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Virtual Reality: Real Impact?

March 21, 2016

Working at the nexus of storytelling and social change, we at ProSocial are fascinated by what Malcolm Gladwell calls tipping points: moments when significant movements or cultural shifts are sparked, creating immense change. 

By many accounts, it seems that virtual reality—computer-generated experiences that enable users to feel immersed in or interact with a simulated environment—may be reaching a tipping point.

Virtual reality filmmakers are exploring the intersection of entertainment and empathy
This year’s Sundance Film Festival featured 30 virtual reality films, both documentary and narrative.

Perspective: The Misdemeanor, which portrays two white police offers conducting a traffic stop with two black men, allows viewers to watch the interaction unfold from the perspective of each of the four people involved.

6x9: An Immersive Experience of Solitary Confinement captures how it feels for inmates to be alone in solitary confinement for 23 hours of the day as they grapple with staying in the present and not falling victim to surreal thinking.

For Kiya, in which two sisters intervene to stop their other sister’s abuse by an ex-boyfriend, the filmmakers incorporate audio from a 911 call made during an actual domestic violence incident.

Other virtual reality films such as theBlu: Encounter, which literally and figuratively dives deep into the ocean, and Condition One, which explores endangered species, are designed to showcase the world’s natural wonders.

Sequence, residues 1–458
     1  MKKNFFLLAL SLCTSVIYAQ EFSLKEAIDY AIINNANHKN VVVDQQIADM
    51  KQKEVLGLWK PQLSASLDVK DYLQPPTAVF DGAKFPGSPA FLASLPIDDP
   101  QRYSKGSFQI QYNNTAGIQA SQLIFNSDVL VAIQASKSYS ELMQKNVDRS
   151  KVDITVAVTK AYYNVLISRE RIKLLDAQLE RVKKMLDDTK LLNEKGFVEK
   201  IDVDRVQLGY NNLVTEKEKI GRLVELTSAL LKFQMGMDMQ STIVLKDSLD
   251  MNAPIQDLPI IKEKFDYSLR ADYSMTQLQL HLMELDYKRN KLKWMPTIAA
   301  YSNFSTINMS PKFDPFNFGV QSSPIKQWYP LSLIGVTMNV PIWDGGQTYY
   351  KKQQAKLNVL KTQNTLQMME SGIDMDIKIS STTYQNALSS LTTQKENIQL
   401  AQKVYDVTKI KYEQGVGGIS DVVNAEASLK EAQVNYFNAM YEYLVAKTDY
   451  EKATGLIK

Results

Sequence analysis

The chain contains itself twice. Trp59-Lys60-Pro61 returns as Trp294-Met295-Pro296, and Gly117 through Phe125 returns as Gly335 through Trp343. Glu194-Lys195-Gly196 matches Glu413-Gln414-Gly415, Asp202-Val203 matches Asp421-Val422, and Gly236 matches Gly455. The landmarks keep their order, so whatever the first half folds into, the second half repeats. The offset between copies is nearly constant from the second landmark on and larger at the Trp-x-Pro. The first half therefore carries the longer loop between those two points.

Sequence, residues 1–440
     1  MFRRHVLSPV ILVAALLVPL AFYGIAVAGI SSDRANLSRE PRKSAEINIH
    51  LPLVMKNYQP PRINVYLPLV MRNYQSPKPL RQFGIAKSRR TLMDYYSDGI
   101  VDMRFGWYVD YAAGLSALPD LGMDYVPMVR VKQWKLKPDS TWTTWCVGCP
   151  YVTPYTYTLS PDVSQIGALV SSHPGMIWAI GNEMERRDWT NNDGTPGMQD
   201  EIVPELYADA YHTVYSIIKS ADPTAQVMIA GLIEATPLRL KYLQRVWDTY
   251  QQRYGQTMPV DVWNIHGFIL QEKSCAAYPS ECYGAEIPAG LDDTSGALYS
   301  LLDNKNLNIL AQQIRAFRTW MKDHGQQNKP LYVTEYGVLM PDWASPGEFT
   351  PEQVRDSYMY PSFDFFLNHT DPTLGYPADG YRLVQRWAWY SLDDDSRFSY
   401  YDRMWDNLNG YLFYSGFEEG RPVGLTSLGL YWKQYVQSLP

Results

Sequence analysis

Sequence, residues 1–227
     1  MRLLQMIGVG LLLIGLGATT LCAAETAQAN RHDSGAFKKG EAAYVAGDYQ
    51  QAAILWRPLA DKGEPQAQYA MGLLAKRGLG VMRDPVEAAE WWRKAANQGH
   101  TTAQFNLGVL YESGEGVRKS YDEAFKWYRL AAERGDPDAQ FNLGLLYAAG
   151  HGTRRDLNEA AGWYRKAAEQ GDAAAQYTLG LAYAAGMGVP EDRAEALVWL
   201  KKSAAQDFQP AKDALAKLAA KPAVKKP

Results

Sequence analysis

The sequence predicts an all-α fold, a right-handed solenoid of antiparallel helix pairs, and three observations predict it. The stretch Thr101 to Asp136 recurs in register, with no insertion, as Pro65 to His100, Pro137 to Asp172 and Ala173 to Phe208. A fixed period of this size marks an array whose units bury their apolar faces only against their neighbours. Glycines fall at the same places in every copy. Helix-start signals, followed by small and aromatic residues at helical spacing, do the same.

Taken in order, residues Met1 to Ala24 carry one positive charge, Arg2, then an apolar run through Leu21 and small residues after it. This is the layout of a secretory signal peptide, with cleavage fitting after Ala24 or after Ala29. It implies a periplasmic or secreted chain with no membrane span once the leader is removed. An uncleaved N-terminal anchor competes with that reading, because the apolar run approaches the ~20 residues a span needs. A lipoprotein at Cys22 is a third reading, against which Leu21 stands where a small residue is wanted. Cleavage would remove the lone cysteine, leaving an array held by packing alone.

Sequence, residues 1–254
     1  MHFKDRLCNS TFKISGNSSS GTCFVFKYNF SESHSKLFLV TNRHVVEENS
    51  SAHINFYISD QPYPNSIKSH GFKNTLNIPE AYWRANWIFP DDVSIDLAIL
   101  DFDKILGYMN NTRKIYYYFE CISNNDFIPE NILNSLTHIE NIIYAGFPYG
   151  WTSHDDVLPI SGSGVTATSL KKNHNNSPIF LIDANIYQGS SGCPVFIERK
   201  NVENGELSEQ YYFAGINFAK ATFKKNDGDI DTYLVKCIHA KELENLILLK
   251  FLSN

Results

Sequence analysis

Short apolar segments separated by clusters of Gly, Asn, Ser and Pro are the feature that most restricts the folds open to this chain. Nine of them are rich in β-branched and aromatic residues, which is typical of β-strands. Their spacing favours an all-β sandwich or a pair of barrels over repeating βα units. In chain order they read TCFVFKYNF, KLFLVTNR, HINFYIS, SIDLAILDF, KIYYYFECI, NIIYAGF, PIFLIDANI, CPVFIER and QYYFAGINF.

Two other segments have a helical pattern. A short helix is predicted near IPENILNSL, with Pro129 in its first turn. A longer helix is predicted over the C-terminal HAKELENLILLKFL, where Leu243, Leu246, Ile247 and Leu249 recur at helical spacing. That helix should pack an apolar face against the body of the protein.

As film production companies start to create virtual reality divisions and media outlets explore VR as a frame for news stories, filmmakers are entering into an experimental period to define the best practices of the genre.

ProSocial worked with Sandy Smolan, co-director of the virtual reality New York Times Op Doc The Click Effect, to provide outreach services for his (non-VR) film The Human Face of Big Data. “It’s like going back to the first days of cinema,” he said in an interview. “All the tools that we now use as filmmakers, somebody had to figure out—the dolly shot, the close up, fades, dissolves—and that same line now has to be developed with VR.”

Gear is here
Last June, about a third of Americans ages 19 to 49 hadn’t heard of existing VR devices, according to a survey cited by Business Insider. But that’s likely changing: Last November, the New York Times presented subscribers with Google Cardboards, and in February, Samsung Gear VR was featured in prominent ads during the Oscars. These enable turning a smartphone into a virtual reality device that can be used with VR YouTube videos or games; there are also standalone headsets such as HTC’s Vive and Facebook’s Oculus Rift.

Social impact is evident
“People don’t usually have empathy for someone they see getting shot on TV, but when you are actually placed in the first person point of view of a boy seeing your own brother get shot right in front of you—that is impactful,” Morris May, founder and CEO of VR studio Specular Theory, noted in Fortune.

UNICEF and Amnesty International have both reported an uptick in contributions as a result of sharing virtual reality films designed to raise awareness of war torn Syria.

“You can see when people watch [the virtual reality film] that they are truly immersed in another world,” Katherine Crisp, head of strategy and innovation at UNICEF UK, told Marketing Week. “On removing the headsets some people find it very emotional, some cry, some are moved into silence and others ask what can I do to help?”

It remains to be seen whether virtual reality will live up to the promise that its proponents envision. In the meantime, we’re interested to consider how the powerful tool of immersion into someone else’s world could make a world of difference.

Additional info
For more on gear: Polygon’s “The Complete Guide to Virtual Reality in 2016 (So Far)"

For more on virtual reality’s potential uses by brands: Tech Crunch’s “What the Growth of Virtual Reality Will Mean for Brands”